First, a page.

I think that the most important goal of a college education is to get students to Step 5 before they graduate. People start at different times and progress at different speeds, but many people take more than four years to get there, so the sooner they get started, the better. If students coming to college have been pre-lied-to, they are off to a good start.
For the same reason, I am in favor of warning stickers on books that teach evolution. In fact, I want to put a warning sticker on all science books. Here's what it should say:
The information in this book represents our best scientific understanding of the world at the time of publication, and is subject to revision as more evidence and alternative theories become available. To varying degrees, the facts and theories presented here have been evaluated and endorsed by the scientific community, using empirical evidence that is available to the public to the extent that is practical. In some cases, a theory that has withstood testing and produced useful and accurate predictions comes to be regarded as fact. Nevertheless, all scientific ideas are subject to scrutiny and possible improvement; the diligent reader is encouraged to consider other explanations that either explain the available data better or make more useful or accurate predictions.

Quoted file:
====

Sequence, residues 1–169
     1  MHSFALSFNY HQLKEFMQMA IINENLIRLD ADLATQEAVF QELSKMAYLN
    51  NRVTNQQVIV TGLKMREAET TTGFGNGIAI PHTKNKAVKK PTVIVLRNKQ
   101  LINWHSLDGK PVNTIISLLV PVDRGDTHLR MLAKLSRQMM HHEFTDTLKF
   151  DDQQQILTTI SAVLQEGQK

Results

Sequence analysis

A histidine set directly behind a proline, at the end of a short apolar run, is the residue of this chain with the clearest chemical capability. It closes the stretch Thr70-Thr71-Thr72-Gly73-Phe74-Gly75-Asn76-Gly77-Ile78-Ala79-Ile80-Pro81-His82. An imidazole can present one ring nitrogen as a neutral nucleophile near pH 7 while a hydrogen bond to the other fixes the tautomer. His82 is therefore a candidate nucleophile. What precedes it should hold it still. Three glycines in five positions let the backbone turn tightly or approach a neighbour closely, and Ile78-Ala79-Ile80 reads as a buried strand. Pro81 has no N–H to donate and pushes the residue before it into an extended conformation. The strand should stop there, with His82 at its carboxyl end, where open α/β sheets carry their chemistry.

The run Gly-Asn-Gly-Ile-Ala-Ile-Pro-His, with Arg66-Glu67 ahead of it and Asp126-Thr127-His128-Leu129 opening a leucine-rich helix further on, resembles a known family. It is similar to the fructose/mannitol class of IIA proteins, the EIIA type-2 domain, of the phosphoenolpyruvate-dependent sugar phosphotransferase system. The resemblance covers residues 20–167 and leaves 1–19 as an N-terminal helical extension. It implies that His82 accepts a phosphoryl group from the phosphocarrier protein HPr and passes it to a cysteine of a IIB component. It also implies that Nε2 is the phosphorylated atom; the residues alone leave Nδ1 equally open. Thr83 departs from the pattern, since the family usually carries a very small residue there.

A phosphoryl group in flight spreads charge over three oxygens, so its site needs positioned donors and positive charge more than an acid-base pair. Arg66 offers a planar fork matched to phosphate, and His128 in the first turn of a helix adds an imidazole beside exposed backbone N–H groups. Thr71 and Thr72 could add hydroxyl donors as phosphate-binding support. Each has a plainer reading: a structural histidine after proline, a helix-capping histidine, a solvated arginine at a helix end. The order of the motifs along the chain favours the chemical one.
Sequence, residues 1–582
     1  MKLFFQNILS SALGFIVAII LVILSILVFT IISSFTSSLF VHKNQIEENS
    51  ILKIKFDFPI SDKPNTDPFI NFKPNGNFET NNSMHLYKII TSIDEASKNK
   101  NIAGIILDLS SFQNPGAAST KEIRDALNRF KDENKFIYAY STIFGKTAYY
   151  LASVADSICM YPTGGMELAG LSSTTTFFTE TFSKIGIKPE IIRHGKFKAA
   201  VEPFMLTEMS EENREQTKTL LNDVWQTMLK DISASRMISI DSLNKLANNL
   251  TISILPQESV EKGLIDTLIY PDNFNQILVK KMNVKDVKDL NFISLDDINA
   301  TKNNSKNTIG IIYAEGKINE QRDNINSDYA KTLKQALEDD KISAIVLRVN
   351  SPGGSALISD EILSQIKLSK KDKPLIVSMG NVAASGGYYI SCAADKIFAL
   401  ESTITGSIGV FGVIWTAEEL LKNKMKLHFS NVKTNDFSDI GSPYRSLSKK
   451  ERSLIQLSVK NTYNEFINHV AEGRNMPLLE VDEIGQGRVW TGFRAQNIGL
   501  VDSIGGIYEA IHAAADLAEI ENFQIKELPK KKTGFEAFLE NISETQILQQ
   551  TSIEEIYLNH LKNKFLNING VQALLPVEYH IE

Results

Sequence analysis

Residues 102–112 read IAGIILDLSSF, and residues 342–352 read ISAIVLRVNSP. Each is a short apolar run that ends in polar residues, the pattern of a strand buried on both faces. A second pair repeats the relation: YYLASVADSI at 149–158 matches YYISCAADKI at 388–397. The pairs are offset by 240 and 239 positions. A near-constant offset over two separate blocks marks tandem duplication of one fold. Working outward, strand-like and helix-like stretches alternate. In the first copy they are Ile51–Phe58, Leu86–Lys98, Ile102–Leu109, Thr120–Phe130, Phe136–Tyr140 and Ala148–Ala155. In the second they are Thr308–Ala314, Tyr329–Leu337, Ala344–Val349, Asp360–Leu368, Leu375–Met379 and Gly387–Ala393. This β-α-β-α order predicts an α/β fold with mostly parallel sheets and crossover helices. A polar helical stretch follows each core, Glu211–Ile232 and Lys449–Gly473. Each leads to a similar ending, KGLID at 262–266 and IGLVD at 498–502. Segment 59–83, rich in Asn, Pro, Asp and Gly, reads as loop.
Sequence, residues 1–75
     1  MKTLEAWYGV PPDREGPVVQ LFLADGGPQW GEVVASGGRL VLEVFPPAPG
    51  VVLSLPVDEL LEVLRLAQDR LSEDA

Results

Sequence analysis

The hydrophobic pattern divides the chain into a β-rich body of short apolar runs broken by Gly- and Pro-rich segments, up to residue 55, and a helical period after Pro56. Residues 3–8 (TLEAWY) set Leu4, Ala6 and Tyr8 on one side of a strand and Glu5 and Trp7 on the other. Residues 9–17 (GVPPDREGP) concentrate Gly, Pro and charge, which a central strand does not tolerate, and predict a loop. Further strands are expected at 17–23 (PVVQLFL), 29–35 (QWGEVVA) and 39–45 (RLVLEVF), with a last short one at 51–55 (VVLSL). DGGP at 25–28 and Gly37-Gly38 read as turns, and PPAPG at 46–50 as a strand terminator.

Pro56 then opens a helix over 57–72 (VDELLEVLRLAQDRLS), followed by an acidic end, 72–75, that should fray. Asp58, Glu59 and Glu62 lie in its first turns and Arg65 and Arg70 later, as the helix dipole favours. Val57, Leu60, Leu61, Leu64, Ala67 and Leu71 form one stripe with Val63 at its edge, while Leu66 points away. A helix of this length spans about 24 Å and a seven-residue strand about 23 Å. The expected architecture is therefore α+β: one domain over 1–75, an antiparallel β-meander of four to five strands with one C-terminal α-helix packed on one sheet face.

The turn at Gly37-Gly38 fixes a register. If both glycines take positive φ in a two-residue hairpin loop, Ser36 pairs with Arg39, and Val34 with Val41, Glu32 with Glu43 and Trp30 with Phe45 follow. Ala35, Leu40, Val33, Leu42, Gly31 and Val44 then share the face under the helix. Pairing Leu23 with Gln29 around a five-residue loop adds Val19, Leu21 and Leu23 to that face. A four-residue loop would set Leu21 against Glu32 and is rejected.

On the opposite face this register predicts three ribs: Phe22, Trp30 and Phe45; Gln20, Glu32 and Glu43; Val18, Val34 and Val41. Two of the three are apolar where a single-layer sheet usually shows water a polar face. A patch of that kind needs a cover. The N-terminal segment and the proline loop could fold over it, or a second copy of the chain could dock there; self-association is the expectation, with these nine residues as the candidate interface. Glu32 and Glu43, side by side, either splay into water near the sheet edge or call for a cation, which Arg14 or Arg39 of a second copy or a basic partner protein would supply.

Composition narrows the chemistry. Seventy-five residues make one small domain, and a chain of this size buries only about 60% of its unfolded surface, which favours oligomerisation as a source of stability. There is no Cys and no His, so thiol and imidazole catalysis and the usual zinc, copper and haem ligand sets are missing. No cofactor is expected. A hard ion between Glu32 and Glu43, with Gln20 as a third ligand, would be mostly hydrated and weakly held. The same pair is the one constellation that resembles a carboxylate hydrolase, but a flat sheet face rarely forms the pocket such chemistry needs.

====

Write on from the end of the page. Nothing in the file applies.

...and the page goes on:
Scientists who stamp their feet and insist that evolution is a fact do more harm than good because, if pressed, they have to admit that all knowledge is uncertain. The suite of theories called "evolution" is the best explanation (by far) of the history of life on earth, but it is not a fact in the way many people interpret that word. Debating the difference between "fact" and "theory" is meaningless, and it tempts too many scientists to dig into a position they can't defend.
On the other side, the people supporting ID in the high schools are probably not acting in their own interest, at least in the long run. If they succeed, and if high schools respond by changing the way they teach science, the next generation of students will understand, better than the current generation, why ID is bad science and only moderately clever philosophy. Exposed to the scrutiny of a scientifically-literate audience, ID will be driven back to the wilderness of bad ideas (which is near Worcester, I think).